View details for DOI 10.5435/JAAOS-D-18-00252

    View details for PubMedID 31125323

  • The Feasibility and Usability of a Ranking Tool to Elicit Patient Preferences for the Treatment of Trigger Finger JOURNAL OF HAND SURGERY-AMERICAN VOLUME Shapiro, L. M., Eppler, S. L., Kamal, R. N. 2019; 44 (6): 480-+
  • Defining Quality in Hand Surgery From the Patient's Perspective: A Qualitative Analysis JOURNAL OF HAND SURGERY-AMERICAN VOLUME Eppler, S. L., Kakar, S., Sheikholeslami, N., Sun, B., Pennell, H., Kamal, R. N. 2019; 44 (4): 311-+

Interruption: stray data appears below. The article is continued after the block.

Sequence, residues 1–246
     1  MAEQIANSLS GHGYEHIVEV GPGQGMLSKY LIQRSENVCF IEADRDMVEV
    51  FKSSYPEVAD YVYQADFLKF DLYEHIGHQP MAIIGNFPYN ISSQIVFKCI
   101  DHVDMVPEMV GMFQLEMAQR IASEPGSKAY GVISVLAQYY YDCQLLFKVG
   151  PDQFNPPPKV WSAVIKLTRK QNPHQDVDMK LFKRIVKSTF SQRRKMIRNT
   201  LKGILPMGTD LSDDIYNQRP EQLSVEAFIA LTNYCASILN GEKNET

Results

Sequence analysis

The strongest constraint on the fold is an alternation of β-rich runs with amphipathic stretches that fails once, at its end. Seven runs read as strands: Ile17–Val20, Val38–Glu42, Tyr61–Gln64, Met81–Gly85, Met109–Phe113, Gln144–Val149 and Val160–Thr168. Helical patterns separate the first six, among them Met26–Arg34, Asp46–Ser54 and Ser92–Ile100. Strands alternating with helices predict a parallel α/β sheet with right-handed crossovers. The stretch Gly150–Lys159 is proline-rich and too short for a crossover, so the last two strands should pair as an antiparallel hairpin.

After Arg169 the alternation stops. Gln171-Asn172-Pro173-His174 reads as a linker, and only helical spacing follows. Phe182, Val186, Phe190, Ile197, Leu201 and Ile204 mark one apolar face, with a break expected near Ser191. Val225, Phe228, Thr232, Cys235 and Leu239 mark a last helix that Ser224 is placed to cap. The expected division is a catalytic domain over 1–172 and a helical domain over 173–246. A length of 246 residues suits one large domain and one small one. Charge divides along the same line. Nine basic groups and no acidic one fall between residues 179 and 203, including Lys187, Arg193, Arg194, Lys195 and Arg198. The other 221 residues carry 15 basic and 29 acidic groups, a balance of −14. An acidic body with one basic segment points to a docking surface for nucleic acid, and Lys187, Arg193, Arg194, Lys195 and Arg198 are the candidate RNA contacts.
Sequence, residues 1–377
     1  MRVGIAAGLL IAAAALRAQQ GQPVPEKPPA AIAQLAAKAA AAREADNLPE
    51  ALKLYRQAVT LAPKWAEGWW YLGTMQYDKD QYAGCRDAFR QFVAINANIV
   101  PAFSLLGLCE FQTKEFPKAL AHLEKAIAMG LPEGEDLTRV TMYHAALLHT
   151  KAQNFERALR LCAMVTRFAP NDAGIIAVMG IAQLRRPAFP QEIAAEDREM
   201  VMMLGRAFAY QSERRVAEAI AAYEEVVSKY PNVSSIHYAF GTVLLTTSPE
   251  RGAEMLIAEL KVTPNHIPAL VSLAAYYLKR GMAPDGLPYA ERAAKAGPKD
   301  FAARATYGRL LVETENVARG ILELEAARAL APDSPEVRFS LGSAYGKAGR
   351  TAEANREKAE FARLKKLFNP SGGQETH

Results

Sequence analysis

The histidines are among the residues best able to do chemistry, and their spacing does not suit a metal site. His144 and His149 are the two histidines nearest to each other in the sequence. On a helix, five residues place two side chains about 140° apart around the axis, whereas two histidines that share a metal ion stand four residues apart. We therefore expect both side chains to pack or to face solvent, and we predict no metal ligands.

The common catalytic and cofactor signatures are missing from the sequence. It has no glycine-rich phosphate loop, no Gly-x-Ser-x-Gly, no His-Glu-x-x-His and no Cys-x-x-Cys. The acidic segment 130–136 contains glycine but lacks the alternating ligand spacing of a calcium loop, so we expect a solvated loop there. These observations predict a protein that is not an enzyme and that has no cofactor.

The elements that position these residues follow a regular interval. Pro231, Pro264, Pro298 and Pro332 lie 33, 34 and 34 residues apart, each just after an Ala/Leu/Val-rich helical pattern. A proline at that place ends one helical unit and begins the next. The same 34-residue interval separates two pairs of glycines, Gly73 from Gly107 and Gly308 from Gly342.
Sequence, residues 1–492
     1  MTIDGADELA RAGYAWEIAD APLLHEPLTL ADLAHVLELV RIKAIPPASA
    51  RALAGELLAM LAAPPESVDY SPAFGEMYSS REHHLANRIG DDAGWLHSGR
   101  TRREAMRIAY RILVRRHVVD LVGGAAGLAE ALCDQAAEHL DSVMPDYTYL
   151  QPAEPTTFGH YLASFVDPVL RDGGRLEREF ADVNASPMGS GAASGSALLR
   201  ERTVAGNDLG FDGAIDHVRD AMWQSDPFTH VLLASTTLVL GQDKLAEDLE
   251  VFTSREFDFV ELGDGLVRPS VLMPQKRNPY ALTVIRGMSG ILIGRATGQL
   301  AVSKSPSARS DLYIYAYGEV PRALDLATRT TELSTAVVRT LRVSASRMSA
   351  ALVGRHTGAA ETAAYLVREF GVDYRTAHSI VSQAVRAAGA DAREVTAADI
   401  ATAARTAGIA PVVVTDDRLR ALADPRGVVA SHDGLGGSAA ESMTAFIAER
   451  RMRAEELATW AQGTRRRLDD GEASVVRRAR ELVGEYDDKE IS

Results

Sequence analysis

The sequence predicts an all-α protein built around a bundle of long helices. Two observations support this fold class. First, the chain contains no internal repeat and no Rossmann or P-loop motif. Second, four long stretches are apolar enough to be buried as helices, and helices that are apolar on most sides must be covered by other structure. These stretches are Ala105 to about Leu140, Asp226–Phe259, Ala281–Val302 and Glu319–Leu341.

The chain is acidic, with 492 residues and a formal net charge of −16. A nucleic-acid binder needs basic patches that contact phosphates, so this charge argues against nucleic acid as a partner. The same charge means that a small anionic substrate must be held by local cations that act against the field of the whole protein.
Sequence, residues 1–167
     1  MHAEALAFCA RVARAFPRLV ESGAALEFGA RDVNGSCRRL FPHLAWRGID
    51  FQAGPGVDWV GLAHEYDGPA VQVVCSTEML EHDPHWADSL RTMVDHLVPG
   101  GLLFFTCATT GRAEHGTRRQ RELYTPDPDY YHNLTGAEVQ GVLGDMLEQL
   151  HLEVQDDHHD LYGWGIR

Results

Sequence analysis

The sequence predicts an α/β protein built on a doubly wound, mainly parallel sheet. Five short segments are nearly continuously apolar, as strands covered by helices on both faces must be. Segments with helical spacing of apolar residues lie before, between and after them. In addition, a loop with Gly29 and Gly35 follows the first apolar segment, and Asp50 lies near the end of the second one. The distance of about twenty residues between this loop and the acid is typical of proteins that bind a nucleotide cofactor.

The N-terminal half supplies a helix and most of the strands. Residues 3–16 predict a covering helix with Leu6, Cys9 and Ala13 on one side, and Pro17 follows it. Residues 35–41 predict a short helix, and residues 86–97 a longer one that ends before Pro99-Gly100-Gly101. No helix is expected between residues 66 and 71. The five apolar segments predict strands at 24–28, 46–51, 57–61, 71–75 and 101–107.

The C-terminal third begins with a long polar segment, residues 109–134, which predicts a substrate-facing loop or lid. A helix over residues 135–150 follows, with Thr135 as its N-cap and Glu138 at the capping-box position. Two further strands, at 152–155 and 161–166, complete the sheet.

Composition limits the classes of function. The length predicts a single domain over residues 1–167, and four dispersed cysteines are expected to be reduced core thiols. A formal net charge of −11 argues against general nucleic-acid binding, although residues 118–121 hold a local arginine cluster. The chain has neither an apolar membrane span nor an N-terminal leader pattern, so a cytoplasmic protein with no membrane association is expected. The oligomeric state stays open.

• Variations in Utilization of Carpal Tunnel Release Among Medicaid Beneficiaries JOURNAL OF HAND SURGERY-AMERICAN VOLUME Zhuang, T., Eppler, S. L., Kamal, R. N. 2019; 44 (3): 192–200
  • National Trends in the Diagnosis of CRPS after Open and Endoscopic Carpal Tunnel Release. Journal of wrist surgery Mertz, K. n., Trunzter, J. n., Wu, E. n., Barnes, J. n., Eppler, S. L., Kamal, R. N. 2019; 8 (3): 209–14